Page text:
Should wholesale advice clients be treated differently under PI?

Any introduction of a compensation scheme of last resort should generate a thorough review of the professional indemnity (PI) insurance requirements imposed on financial planning licensees, including defining different treatment for retail and wholesale advice clients.

Suggestions of a thorough revision of the PI regime have come amid recent concerns expressed by CountPlus chief executive, Matthew Rowe about the cost and availability of PI insurance and his statement that he is “growing increasingly concerned, from an industry perspective, of the growing level of ‘junk’ Professional Indemnity insurance finding its way into the market”.

Former dealer group head, Paul Harding-Davis said that the answer might lie in actually separating wholesale and retail clients, in circumstances where wholesale clients arguably should not qualify for access to a compensation scheme of last resort.

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“If you look at the level of wealth and knowledge expected of a wholesale client then it is arguable that they should not have access to a last resort compensation scheme or to the Australian Financial Complaints Authority (AFCA),” he said.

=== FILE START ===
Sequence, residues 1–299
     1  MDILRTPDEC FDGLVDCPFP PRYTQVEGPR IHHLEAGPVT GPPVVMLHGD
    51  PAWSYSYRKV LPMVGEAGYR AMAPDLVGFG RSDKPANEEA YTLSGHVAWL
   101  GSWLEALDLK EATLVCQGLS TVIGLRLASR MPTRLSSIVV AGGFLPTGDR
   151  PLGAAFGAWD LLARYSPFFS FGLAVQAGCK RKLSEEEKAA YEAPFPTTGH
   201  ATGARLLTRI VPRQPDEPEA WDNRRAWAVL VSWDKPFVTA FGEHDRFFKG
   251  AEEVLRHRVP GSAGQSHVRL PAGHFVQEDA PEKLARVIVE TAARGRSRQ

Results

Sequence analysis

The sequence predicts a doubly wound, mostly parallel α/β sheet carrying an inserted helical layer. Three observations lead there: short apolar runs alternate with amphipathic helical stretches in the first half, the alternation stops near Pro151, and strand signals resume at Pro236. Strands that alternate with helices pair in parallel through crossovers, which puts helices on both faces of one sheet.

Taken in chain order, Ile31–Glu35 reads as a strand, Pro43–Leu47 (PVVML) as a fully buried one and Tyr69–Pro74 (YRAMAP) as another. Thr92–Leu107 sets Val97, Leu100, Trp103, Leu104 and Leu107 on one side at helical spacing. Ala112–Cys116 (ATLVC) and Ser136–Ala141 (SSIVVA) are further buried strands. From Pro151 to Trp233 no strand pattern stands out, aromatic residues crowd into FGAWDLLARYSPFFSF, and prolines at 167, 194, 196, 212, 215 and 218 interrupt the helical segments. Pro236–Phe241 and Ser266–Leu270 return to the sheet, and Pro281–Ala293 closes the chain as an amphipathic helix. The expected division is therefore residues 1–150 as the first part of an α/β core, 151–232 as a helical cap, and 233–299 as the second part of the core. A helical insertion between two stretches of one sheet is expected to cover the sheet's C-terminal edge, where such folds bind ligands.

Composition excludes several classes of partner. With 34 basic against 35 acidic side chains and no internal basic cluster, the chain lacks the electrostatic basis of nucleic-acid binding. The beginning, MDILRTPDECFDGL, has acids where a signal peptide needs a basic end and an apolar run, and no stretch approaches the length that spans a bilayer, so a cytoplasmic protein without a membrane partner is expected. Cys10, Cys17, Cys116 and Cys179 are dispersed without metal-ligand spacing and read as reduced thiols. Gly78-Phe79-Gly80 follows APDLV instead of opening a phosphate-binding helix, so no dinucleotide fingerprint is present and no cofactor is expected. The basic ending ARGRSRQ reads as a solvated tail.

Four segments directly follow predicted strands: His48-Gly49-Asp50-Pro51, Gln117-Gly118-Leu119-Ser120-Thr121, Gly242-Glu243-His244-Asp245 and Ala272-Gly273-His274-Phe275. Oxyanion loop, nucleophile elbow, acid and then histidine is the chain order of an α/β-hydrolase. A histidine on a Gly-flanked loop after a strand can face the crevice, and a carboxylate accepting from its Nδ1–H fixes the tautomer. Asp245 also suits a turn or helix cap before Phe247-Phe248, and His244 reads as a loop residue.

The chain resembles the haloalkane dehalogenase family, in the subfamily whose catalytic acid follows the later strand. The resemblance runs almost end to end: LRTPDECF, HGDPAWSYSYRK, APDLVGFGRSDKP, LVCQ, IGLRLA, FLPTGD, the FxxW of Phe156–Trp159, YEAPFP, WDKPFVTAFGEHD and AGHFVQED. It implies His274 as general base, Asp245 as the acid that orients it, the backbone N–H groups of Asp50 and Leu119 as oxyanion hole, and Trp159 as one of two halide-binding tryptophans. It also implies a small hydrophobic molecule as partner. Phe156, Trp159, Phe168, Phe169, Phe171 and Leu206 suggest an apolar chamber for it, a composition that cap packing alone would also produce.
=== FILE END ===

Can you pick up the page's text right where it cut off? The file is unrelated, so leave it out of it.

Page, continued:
“It makes sense that wholesale clients can afford to utilise the courts system and that their financial advisers can, in turn, utilise the PI regime to deal with any remediation,” Harding-Davis said.

His comments come against the background of historic Financial Ombudsman Service (FOS) data suggesting that most unpaid determinations were owed by smaller licensees rather than the larger players.

In a recent analysis of the situation facing licensees, CountPlus’s Rowe referred to a “hardening in the PI market” and the need for annual rigorous renewal processes including face to face interviews with major underwriters in London.

“In every renewal with underwriters, we are reminded of the need for technology-enabled, real time data driven supervision and monitoring, conservative and defensible research processes, capital adequacy of the licensee and the need for robust and resourced first, second, and third lines of defence with risk management,” he said.

He said that these were all factors that made it increasingly difficult for smaller players to compete for the limited capital available in the PI market.

“I am growing increasingly concerned, from an industry perspective, of the growing level of ‘junk’ Professional Indemnity insurance finding its way into the market,” Rowe said.

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Once upon a time ASIC did not require any PI cover, & things worked quite well without it, actually.
Most claims are under the minimum threshold anyhow. The current advisers are simply paying big bucks for a handful of dodgy blue gum advisers from the last century.

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